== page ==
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Controlling Conflicts Between Stakeholders

As we discussed in the an earlier section, the various stakeholder groups can and will
fight. These conflicts play a critical role in the financial landscape.

Controlling the Shareholder-manager conflicts has received much attention.


There are many ways this conflict can be lessened, but before this can be done it is worth
examining what shapes the conflicts may take.

Shareholders and management can disagree over many things:

Managers may wish to hold more cash, they may wish to lower the firm's risk and
subsequently increase job security, they may not want to work hard, they may want to
pay employees more than they deserve, they may want other perks such as a fancy office
or a jet plane. These are but a few of the nearly infinite number of things that managers
and shareholders can disagree over.

Since well before the time of Adam Smith, these "agency costs" have been well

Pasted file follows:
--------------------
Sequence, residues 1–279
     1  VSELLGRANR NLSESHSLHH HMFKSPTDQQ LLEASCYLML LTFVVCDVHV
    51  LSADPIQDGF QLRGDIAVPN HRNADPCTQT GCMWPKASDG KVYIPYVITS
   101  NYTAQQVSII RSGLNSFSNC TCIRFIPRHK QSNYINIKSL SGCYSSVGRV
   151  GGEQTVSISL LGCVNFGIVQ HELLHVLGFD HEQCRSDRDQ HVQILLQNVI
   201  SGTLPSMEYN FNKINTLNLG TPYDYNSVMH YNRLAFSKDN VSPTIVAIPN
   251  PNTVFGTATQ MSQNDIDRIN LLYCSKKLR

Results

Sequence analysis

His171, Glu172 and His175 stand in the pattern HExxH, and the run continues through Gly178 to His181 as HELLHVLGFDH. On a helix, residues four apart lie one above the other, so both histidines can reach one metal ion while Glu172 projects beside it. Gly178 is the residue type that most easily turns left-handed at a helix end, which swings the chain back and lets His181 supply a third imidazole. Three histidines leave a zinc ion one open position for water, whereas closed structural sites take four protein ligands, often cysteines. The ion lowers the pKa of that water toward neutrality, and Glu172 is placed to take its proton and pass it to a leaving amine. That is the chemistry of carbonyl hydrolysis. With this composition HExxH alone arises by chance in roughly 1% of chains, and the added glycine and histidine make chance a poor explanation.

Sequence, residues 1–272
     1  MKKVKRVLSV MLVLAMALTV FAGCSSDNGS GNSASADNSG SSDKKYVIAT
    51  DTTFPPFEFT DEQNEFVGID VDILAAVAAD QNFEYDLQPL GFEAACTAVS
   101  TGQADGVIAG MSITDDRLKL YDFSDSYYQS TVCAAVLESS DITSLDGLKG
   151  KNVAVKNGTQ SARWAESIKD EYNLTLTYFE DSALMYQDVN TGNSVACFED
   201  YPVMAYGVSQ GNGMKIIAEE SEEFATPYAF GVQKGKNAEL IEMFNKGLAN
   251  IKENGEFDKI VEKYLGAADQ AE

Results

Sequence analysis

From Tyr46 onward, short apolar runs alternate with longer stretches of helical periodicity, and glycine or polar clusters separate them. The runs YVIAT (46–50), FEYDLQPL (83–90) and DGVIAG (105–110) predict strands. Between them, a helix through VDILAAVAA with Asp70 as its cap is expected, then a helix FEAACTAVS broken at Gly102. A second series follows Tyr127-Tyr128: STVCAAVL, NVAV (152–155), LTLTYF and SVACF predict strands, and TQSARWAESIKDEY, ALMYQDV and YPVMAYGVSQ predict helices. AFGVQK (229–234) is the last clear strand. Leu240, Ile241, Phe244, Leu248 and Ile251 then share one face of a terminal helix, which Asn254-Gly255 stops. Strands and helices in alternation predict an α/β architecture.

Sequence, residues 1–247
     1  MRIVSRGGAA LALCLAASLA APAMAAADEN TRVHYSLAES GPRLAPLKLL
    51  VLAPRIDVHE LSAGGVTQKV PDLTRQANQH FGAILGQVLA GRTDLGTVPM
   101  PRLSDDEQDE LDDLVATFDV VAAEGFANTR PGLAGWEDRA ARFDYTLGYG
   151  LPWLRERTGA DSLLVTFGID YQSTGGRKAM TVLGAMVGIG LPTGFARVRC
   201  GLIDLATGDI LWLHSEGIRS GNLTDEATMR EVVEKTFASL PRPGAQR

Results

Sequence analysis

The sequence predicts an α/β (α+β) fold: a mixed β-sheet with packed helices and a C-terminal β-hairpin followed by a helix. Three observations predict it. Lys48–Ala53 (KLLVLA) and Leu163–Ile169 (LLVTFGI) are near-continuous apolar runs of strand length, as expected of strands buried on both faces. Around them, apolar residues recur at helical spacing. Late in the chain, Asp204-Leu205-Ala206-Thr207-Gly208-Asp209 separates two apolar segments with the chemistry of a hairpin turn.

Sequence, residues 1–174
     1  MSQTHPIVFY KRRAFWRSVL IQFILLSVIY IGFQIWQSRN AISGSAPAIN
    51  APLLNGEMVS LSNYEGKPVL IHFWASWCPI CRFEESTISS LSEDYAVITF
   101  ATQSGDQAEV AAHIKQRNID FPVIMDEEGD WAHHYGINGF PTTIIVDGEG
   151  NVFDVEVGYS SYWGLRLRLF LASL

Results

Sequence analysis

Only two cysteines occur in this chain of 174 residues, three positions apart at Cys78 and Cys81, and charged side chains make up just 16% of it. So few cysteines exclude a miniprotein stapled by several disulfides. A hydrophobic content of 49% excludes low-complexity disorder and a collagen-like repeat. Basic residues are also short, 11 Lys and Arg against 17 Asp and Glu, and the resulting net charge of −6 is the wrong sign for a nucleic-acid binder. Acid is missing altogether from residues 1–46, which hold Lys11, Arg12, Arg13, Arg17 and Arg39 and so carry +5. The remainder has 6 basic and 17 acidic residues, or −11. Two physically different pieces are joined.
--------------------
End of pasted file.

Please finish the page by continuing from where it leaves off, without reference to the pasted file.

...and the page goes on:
documented and studied. The arise due to the fact that managers are people and will act
in what they believe to be their own best interests. (See Theories of Human Behavior).
The fact that managers and shareholders have differing incentives is well established.
Thus to lower agency costs these incentives must somehow aligned.

One way to align incentives is to constantly watch over managers and if the effort is not
what shareholders expect, to remove managers. This can be classified as the managerial
labor market which can act as a constraint on management forcing them to act in
shareholders' best interests. However, this constant shareholder monitoring is expensive
and only partially successful (often the managers have better information and are more
knowledgeable).

The Board of Directors (BOD) is the group that is designated to look out for shareholders'
interests and monitor management. The Board is elected by shareholders with the
fiduciary obligation to look out for the best interests of shareholders. For many reasons,
this is only partially successful. (for example management is generally also on the BOD).

It is often easier to align incentives with a compensation contract that makes the manager